The fairy tales of science/A Tale of a Comet

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The fairy tales of science by John Cargill Brough
A Tale of a Comet

A Tale of a Comet.




"I could a Tale unfold."—Hamlet.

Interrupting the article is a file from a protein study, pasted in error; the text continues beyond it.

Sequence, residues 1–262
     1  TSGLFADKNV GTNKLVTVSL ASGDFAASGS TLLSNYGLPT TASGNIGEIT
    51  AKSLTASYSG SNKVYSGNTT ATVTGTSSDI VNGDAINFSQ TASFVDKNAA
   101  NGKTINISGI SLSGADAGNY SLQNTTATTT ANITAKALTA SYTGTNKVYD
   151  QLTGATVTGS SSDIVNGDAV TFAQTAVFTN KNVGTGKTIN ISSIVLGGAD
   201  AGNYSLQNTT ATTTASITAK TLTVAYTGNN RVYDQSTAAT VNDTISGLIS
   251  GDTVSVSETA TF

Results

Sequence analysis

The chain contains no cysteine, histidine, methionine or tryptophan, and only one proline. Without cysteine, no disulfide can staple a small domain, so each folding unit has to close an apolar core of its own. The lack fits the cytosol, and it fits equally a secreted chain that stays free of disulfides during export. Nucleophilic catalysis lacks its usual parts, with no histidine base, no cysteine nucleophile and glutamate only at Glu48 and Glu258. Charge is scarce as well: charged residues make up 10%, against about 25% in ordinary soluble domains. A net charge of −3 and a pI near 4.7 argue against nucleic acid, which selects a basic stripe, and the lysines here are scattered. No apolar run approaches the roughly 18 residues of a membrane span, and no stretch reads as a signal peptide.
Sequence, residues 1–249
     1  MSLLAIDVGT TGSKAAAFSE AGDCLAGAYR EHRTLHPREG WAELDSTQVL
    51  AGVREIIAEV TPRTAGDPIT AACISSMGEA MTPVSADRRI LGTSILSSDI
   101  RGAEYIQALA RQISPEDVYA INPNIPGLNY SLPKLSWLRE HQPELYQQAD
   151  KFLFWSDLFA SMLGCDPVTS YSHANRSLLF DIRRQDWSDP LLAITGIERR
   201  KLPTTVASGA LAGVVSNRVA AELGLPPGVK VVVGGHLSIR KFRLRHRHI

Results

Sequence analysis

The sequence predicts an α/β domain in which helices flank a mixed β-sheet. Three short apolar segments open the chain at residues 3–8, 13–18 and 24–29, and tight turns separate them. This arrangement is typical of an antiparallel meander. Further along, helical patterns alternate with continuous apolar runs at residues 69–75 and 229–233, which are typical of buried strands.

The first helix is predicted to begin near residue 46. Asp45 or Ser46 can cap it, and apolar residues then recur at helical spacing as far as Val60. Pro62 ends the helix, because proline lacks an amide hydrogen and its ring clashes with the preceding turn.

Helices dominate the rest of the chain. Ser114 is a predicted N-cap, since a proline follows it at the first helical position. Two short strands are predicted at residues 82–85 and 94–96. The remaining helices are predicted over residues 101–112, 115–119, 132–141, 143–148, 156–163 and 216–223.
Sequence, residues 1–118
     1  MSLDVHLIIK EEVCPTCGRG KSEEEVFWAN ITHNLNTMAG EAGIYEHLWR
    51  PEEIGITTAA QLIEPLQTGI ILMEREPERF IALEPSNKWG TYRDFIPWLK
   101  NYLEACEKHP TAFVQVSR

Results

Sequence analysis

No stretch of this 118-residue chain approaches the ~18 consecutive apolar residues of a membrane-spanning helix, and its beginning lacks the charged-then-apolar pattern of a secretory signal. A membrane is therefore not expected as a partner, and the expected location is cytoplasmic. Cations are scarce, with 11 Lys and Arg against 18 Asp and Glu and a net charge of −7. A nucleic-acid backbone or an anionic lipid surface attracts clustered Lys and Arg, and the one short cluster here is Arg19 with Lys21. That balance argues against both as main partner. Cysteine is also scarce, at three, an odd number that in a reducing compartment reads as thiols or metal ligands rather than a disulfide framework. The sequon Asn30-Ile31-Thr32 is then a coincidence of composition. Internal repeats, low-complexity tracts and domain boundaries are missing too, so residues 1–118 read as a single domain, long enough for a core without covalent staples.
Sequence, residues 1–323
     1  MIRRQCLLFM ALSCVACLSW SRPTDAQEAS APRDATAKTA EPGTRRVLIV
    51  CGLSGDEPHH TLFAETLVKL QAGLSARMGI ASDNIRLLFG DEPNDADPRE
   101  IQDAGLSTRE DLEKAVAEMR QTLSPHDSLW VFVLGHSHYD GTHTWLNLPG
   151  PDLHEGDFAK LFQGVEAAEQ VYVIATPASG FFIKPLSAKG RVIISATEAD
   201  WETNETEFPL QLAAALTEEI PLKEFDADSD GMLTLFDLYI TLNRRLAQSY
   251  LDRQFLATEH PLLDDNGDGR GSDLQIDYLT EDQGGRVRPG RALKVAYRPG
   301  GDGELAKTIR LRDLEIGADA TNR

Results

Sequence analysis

What I am? What I am made of? What class or family of celestial bodies do I belong to? How many there are of us? Where do we come from? Where are we going to? What offices do we perform—what purpose subserve in the great economy of the heavens? Tell you all about us?—Well, you are inquisitive, my little terrestrial friends, and it appears to me, a little overmuch so; and small information, I trow, will you get out of me on most of these points. Still, I cannot but admire the indomitable perseverance with which you are prying into the abyss of space, seeking to fathom the secrets of the universe; and although some of you have of late rather offended the dignity of the great family to which I belong, denying us even the possession of anything like a substantial body,—calling us "visible nothings"—affirming that they know all about us, that they can look right through us, and giving us somewhat plainly to understand that they regard us very much in the light of exploded humbugs,[1] I yet will bear no malice, and will endeavour, not, indeed, to satisfy your curiosity in all matters concerning me and my brethren, but to give you some few scraps of information and stray hints about us, leaving you to make the best use of them you may, in your interminable cruise on the endless sea of speculation.